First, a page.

Growth of OTT Video Streaming

The Growth of OTT Video Streaming and Its Impact on the Pay-TV Industry

Posted On

By Bo Ferm

With the continued global growth of internet users, improvements in speed, and the addition of technologies like adaptive bitrate streaming, conditions for the advancement of the over the top (OTT) video streaming service providers like Netflix and Hulu have never been better. 

Netflix, the company that broke the mold and is still dominating the industry started out by shipping rental DVDs to their customers, basically like a mail order Blockbuster. After a major shift in their business model in 2007 with the introduction of subscription-based streaming services, Netflix has refined its product and algorithms for over a decade, dominating the phenomenal growth of OTT.

The growth of OTT video streaming is a major force in the disruptive digital landscape, doing what Uber and Airbnb did to the taxi and hotel industries. Ten years ago Netflix had 12 million subscribers. Today, Netflix  has 140 million subscribers and is growing by around eight million a quarter. The only thing slowing down Netflix’s runaway success is deep-pocketed competitors who have noticed the growth of OTT streaming, recognizing that it’s the future of video services delivery and doing everything they can to compete head-on. 

How Much Has the OTT Marketing Grown?

The reason for the phenomenal growth of OTT in less than a decade is twofold: First, there is increased accessibility created by greater broadband rollout, improved internet speeds, and high performing, video-capable devices. Second, the advances of the streaming services have hugely improved the customer user experience (UX). OTTs now offer better content recommendations using improved customer data analysis (which started in 2006 when Netflix offered its famous $1 million prize to developers).

How the Growth of OTT Video Streaming Has Impacted the Broadcast Industry

Understandably, with the huge growth of OTT video streaming, the competitive dynamics have changed greatly. The most obvious losers are traditional broadcasters and cable TV operators whose subscribers are deserting because of high prices and lack of comparable choices. This phenomenon known as “cord-cutting” has led to drastic shifts in the broadcasting market. Nearly half of US 22-45-year-olds don’t watch traditional TV at all and it’s estimated that 22 million households will quit satellite and cable TV providers by the end of 2019.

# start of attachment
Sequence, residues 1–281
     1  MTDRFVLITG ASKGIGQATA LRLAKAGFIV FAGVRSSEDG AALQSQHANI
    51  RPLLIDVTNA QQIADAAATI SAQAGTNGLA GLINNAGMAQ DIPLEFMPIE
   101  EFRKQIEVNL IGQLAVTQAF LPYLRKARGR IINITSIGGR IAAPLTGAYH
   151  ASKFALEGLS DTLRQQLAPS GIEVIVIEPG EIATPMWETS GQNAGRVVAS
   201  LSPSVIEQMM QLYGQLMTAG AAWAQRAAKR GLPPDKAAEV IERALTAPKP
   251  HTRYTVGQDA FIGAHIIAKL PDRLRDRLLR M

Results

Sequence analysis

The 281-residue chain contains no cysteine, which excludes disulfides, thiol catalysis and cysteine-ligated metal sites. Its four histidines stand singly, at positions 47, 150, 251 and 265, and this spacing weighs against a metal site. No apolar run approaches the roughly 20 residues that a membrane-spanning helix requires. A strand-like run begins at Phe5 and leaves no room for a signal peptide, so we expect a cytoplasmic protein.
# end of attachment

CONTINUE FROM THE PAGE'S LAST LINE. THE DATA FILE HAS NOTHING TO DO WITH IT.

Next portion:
Cord-cutting is also influencing where marketers spend their ad dollars. Traditional TVs’ total share of ad spend is expected to decrease dramatically by almost 20% over the next few years from 36% in 2016 to 29% in 2021

These trends decrease the capacity of the traditional video content powerhouses to dominate the creative landscape. This was exemplified by director Martin Scorsese with his $200 million movie, “The Irishman.” According to Scorsese,  “Places we would have gone to for funding in the past were no longer viable. Then we started talking to Netflix.” 

Being relatively powerless to stop the tectonic shifts in video services delivery and home entertainment, the traditional TV and film giants are seeking to join Netflix and Amazon and the growth of OTT streaming services. NBCUniversal, Disney, and Warner Media have introduced or announced their own streaming services, increasing the competition and prices for legacy shows (such as NBCUniversal paying $100 million/year for The Office).

The Current State of the OTT Streaming Market

The growth of OTT technology has led to the introduction of more streaming services. While this has caused the prices of some services to increase (during high levels of competition), it may not be the best business move. For a competitive edge, an alternative strategy is improving the monetization of video content.

One way is by utilizing artificial intelligence (AI) to enhance the customer experience. By using AI to determine what customers actually want to watch, companies can earn more revenue and improve the bottomline. Netflix has saved $1 billion a year with AI technologies. 

Focus on Content Protection

Another important monetization strategy is stemming the flow of lost revenue. One of the biggest OTT revenue leakages occurs through piracy and the illegal re-distribution of video content. It’s estimated that piracy will cost content rights holders over $50 billion a year by 2022, which could crush the dreams of success for many nascent streaming services. 

The answer is improved content protection with digital rights management (DRM) solutions and anti-piracy services. If piracy continues to be an option for many around the world, the revenue growth of OTT will plateau, stifling innovation and creativity and reducing the motivation and financial justification for digital rights holders to continue producing top-notch, compelling content. 

Intertrust is one of the world’s top innovators in DRM and content security technology and can assist OTT operators with solutions that protect both content and service revenue.

Bo Ferm

About Bo Ferm

Bo Ferm is a Product Marketing consultant for Media Solutions at Intertrust Technologies. He is a versatile technology professional with 30+ years of successful B2B positions in Europe, North America and South East Asia. He has worked extensively with pay-TV technologies, with the past 12 years dedicated to content security in various forms.